Triglycerides

What are triglycerides?

Triglycerides are a type of fat found in your blood. When your body digests food, it changes the fats in the food to triglycerides. Your liver also makes triglycerides. Your blood carries triglycerides to all parts of the body to be used as energy or stored as fat.

Triglycerides combine with protein and cholesterol (another type of fat) in your blood to form substances called high-density lipoprotein (HDL) and low-density lipoprotein (LDL). HDL is often called “good” cholesterol and LDL is often called “bad” cholesterol. High levels of triglycerides along with low HDL and high LDL levels can increase your risk for heart disease, heart attack, or stroke. Very high triglycerides may increase the risk for inflammation of the pancreas (pancreatitis).

What causes high triglyceride levels?

High triglyceride levels may have several causes:

  • Being very overweight or eating more calories in your diet than you burn, especially those from sugar and alcohol.
  • Alcohol increases the amount of triglycerides your liver makes. It also reduces the amount of fat cleared from your blood.
  • Triglyceride levels go up as you get older.
  • Some drugs, such as birth control pills, steroids, and diuretics (water pills), can cause triglyceride levels to rise.
  • Some health conditions can raise your triglyceride level (for example, diabetes, low thyroid levels, kidney disease, or liver disease)
  • Some forms of high triglycerides run in families.

What are the symptoms?

High triglyceride levels in your blood do not cause any symptoms. You may have symptoms of illnesses that cause high triglyceride levels, such as diabetes or heart disease.

How is it diagnosed?

Your healthcare provider can measure your triglyceride level with a blood test. You should not eat for 12 to 14 hours before the test. This way the test checks the amount of triglycerides being made by your liver rather than what is made from foods you have eaten.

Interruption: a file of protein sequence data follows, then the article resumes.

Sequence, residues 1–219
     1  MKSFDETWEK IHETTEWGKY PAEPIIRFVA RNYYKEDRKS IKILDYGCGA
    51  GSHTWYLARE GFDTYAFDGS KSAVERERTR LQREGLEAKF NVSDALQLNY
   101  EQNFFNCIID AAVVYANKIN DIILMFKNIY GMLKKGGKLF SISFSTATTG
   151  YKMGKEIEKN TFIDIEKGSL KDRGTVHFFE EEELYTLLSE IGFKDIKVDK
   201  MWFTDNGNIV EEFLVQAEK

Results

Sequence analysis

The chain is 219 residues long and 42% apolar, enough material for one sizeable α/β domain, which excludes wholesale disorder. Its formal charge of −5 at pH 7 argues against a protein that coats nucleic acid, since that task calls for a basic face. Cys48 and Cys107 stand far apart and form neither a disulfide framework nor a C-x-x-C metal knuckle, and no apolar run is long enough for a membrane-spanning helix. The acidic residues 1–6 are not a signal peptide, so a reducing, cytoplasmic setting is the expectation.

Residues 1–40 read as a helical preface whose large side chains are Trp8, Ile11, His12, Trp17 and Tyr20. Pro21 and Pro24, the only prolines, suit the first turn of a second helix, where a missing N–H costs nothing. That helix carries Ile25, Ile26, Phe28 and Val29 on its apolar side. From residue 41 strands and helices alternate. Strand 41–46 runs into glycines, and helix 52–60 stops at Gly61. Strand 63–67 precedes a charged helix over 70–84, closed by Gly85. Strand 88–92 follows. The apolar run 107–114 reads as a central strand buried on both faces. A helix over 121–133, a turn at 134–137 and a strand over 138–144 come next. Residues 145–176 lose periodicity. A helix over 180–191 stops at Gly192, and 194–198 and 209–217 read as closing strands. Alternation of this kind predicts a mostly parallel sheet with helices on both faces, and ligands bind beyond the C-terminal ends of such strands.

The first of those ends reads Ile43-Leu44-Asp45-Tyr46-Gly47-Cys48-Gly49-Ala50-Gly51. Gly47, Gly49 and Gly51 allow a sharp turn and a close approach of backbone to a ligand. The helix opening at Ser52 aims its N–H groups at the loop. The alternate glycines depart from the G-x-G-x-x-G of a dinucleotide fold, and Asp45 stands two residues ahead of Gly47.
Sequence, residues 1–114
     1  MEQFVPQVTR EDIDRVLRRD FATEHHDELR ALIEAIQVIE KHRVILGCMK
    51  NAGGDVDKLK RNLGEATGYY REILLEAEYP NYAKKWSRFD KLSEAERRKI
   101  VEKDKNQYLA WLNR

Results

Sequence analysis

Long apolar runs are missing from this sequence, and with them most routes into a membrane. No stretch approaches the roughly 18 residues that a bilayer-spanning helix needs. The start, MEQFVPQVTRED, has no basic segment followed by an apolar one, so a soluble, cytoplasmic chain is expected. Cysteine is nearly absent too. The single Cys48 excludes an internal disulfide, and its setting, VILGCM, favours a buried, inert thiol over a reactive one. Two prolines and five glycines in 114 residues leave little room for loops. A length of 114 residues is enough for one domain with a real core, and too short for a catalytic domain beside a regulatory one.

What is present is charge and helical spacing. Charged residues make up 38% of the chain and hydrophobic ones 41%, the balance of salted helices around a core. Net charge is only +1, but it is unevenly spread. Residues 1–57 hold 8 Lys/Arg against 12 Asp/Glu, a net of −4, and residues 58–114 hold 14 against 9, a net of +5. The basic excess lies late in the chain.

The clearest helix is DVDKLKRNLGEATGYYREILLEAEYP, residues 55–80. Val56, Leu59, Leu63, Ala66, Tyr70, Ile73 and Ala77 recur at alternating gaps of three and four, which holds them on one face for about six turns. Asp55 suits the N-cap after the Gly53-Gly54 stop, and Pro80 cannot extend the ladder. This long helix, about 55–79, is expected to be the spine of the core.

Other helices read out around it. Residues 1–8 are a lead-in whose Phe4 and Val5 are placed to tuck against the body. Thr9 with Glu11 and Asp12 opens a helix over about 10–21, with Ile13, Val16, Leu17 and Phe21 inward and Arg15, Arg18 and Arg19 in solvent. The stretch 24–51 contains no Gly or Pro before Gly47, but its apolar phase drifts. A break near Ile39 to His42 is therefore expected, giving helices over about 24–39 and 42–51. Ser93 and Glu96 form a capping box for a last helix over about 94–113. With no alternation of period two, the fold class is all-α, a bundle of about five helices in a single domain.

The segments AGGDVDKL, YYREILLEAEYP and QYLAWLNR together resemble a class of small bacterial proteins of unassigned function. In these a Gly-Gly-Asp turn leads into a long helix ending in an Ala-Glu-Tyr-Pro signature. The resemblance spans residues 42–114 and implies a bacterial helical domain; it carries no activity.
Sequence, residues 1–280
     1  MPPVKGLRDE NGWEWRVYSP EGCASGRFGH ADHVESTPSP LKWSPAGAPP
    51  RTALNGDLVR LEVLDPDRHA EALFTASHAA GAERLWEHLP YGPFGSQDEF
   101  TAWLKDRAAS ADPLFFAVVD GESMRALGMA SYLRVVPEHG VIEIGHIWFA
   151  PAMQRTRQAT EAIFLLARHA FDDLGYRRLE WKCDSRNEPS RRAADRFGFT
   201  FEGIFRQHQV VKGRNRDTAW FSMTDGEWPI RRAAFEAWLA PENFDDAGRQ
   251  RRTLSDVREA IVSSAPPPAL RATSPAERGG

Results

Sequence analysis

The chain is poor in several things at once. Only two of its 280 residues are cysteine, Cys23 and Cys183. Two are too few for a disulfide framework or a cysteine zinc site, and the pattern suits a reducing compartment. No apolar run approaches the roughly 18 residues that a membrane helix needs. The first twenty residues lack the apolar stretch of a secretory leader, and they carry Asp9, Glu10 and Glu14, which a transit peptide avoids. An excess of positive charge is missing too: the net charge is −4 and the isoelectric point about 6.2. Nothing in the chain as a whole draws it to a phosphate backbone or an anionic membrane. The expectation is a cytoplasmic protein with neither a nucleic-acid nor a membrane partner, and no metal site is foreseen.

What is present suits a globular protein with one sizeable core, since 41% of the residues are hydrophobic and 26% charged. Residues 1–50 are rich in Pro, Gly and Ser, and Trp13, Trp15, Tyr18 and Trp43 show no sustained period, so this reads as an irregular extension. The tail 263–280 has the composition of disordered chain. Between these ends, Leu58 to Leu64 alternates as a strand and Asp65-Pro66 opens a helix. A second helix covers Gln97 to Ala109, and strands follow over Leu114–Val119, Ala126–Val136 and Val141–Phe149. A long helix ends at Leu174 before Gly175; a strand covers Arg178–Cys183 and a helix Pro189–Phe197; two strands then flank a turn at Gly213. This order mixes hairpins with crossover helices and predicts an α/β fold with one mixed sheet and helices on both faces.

How is it treated?

You can often control triglyceride levels by:

  • Eating healthy
  • Losing weight if you are overweight
  • Exercising
  • Not smoking

If these lifestyle changes do not lower your triglyceride levels, your healthcare provider may prescribe medicine to help. Follow the full course of treatment prescribed by your healthcare provider. Take any medicines exactly as prescribed.

How can I take care of myself and prevent high triglycerides?

Here are things you can do to eat healthy and lower your triglyceride level:

  • Eat less sugar and sugar-containing foods and drinks, like soda.
  • Eat several small meals and healthy snacks throughout the day instead of 2 or 3 large meals.
  • Drink little or no alcohol.
  • Get no more than 20 to 35% of your total calories from fat.
  • Eat 2 or 3 meals of fish, such as salmon, tuna, or mackerel, each week. (Fish oil has been found to reduce triglycerides.)
Developed by RelayHealth.
Adult Advisor 2015.1 published by RelayHealth.
Last modified: 2014-10-31
Last reviewed: 2014-10-30
This content is reviewed periodically and is subject to change as new health information becomes available. The information is intended to inform and educate and is not a replacement for medical evaluation, advice, diagnosis or treatment by a healthcare professional.
Copyright ©1986-2015 McKesson Corporation and/or one of its subsidiaries. All rights reserved.

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